Here’s Why Big Pharma Profits are Deflating

Drug makers saw a 29% decline in profits this year over last year due to fewer drugs making it past the final phases of development. The industry’s returns on research and development fell from 11.8% to 8.4% this year according to a study by Deloitte. Deloitte looked at the top 12 spenders on R & D, who were Pfizer (NYSE:PFE), Sanofi (NYSE:SNY), Takeda Pharmaceutical Co., Roche Holding AG, AstraZeneca Plc (NYSE:AZN), Merck & Co. (NYSE:MRK), Amgen Inc. (NASDAQ:AMGN), Eli Lilly & Co. (NYSE:LLY), Johnson & Johnson (NYSE:JNJ), Bristol-Myers Squibb Co. (NYSE:BMY), Novartis AG (NYSE:NVS), and GlaxoSmithKline Plc. (NYSE:GSK).

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The number of drugs in the final phases of development or undergoing regulatory reviews was down to an average of 18 per company this year versus 23 last year. The study also found that the cost of bringing new drugs to market is increasing. In 2010 it cost roughly $830 million to debut a drug, but this year the number rose to $1.05 billion. Deloitte also said that more drugs were failing in late stages, eating up lots of funds, but providing no return on investment.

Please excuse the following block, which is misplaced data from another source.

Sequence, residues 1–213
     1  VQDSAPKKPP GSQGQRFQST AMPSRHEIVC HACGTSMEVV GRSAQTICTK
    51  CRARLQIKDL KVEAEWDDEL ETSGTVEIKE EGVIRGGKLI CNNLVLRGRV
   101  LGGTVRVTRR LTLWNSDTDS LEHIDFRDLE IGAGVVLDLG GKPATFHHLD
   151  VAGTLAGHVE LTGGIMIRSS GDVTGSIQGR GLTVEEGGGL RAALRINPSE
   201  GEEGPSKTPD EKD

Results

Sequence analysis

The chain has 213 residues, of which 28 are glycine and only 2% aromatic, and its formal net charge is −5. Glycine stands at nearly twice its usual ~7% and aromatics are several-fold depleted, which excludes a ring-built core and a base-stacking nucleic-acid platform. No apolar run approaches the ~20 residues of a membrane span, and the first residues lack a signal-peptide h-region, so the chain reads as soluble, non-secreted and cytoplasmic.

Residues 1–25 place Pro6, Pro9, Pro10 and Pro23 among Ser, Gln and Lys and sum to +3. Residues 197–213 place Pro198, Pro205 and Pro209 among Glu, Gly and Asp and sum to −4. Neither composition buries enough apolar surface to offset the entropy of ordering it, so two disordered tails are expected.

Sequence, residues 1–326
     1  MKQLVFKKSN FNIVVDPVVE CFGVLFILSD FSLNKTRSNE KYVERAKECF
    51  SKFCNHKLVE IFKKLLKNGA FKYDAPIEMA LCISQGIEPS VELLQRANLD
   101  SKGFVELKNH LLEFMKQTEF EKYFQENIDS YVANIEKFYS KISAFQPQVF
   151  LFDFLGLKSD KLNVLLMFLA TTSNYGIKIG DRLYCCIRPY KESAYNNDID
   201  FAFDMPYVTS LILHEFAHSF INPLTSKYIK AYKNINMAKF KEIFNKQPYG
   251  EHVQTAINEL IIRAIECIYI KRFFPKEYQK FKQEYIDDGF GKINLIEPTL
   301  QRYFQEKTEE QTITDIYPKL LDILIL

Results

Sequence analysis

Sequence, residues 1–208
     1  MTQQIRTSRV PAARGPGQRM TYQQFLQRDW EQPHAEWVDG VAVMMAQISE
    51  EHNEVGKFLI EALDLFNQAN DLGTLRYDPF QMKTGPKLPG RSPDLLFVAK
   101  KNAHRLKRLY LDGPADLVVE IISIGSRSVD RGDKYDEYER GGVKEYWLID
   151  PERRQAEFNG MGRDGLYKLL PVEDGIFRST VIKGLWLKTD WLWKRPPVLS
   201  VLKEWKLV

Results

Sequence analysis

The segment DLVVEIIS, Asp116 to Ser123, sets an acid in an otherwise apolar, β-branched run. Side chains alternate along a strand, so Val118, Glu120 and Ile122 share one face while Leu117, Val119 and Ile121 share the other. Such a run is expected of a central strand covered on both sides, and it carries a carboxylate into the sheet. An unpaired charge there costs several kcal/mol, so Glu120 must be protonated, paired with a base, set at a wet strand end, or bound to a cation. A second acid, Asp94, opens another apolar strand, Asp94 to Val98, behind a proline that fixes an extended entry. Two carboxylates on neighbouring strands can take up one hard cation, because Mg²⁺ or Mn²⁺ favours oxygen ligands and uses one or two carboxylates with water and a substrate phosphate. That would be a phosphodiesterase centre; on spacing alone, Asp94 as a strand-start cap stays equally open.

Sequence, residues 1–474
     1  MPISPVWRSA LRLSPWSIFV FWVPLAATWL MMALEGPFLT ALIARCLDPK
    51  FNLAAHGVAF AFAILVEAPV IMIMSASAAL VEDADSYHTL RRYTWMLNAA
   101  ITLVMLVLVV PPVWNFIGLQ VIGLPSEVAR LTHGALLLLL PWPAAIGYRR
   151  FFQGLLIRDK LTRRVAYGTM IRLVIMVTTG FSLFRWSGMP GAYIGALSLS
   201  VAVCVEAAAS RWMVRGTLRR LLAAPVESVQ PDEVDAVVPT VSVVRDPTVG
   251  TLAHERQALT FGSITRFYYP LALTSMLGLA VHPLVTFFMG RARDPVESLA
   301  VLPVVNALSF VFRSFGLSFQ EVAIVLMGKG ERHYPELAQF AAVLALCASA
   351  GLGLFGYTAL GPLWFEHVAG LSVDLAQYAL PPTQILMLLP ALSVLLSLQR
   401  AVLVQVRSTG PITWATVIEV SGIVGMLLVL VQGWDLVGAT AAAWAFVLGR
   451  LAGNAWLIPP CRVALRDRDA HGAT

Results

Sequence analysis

Bloomberg quoted Deloitte partner and author of the study, Julian Remnant, said, “We continue to see a level of late stage drug failures. That’s something that should not be happening to the extent it still is.”

Erik Gordon, a business professor at the University of Michigan said, “The ROI story over the last few years has been gloomy news,” per Bloomberg. He believes that the pharmaceutical companies are looking for drugs to more complex diseases, but are not being rewarded for their efforts. “It’s more expensive to get to the failure, and there are more failures.”

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